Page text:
Scientists are excited by the success of a new contraceptive gel tested on monkeys over the past two years.

Named ‘Vasalgel’, the gel provides a physical barrier in the tubes which carry sperm to the penis.

The contraceptive is injected under anaesthetic and in theory, a second injection would dissolve the gel plug.

The University of California tested the gel on 16 fertile adult male monkeys, 10 of whom had already fathered offspring.

Although mating did occur, no female was impregnated throughout the duration of the trial which covered two mating periods.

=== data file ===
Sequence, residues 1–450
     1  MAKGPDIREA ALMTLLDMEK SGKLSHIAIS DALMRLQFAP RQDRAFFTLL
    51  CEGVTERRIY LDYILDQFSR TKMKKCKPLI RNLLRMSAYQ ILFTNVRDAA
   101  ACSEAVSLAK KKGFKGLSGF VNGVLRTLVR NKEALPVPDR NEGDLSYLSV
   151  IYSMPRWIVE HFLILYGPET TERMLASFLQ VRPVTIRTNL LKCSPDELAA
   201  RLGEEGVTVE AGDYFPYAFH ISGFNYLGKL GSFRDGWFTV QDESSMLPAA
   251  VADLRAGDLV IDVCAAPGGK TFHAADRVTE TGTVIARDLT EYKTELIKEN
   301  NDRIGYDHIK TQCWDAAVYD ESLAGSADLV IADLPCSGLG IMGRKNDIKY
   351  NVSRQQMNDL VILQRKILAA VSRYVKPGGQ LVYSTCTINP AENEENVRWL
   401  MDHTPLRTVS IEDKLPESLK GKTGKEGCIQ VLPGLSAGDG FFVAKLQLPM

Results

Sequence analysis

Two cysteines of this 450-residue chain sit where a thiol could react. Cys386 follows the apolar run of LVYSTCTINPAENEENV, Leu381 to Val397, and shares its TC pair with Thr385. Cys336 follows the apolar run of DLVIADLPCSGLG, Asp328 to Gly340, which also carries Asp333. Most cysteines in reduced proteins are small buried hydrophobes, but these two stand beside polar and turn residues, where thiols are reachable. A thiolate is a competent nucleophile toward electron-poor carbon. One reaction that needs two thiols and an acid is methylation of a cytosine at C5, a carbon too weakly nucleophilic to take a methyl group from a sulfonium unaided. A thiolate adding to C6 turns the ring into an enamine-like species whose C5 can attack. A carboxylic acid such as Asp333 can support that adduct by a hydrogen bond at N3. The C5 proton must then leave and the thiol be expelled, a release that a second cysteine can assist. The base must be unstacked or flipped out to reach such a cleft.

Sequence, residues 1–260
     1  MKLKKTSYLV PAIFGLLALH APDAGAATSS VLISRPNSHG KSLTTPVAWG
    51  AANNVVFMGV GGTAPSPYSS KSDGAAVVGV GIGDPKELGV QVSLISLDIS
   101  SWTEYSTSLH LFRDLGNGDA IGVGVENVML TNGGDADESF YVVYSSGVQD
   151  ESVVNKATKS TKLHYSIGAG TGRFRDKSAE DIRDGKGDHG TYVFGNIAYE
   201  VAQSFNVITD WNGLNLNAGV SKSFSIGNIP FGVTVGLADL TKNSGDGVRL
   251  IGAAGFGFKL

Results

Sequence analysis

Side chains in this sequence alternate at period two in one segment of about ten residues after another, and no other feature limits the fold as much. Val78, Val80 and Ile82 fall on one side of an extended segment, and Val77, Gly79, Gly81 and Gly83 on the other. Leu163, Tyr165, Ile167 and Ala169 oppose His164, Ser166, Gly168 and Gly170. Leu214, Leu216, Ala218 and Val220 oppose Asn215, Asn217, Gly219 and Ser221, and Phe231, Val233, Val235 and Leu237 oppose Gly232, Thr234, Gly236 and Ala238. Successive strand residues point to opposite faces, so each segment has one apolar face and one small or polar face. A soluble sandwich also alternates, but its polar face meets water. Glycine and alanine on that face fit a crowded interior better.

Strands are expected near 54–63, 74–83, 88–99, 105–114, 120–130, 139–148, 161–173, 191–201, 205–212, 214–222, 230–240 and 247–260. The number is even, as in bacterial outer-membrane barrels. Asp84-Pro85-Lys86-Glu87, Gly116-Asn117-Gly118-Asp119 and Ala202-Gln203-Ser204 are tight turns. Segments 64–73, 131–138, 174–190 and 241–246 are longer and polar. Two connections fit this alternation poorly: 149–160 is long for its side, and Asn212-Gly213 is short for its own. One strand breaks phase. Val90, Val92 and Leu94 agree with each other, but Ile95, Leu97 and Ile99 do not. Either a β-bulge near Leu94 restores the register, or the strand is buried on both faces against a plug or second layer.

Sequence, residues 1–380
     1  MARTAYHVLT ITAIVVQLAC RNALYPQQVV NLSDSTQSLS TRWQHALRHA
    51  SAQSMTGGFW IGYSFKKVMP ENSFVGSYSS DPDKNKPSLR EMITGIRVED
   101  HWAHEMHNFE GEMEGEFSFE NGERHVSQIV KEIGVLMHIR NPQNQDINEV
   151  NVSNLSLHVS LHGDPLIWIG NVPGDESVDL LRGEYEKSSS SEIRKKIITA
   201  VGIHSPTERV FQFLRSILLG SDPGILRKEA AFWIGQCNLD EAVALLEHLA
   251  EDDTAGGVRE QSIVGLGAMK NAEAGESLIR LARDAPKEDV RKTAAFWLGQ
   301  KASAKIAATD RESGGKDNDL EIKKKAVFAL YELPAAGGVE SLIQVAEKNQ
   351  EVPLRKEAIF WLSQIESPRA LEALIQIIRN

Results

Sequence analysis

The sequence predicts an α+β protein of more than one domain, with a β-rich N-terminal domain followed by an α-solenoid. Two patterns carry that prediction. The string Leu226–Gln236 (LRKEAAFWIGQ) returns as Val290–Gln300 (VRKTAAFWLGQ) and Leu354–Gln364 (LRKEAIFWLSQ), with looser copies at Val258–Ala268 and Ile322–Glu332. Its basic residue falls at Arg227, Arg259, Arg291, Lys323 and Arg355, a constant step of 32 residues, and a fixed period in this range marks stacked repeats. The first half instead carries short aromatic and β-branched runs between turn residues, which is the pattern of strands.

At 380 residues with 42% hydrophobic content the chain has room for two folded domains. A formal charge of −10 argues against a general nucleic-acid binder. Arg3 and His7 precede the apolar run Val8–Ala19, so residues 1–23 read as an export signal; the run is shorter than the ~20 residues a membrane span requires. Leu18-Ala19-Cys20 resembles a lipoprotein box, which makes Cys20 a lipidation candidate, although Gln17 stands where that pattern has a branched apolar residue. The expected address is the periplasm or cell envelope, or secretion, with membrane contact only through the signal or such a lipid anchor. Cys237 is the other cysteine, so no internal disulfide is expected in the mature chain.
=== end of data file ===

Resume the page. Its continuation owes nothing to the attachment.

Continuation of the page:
While the study illustrates the effectiveness of this gel as a contraceptive, the science community are waiting for evidence that the procedure is reversible.

Crucially, the non-profit company researching Vasalgel has depended on grants and fundraising thus far because pharmaceutical companies have little interest in the concept.

Although experts suggest that some men would be willing to try the gel, others are not quite ready to take such responsibility for contraception.

This reluctance leads many to conclude that male contraceptives aren’t yet commercially viable.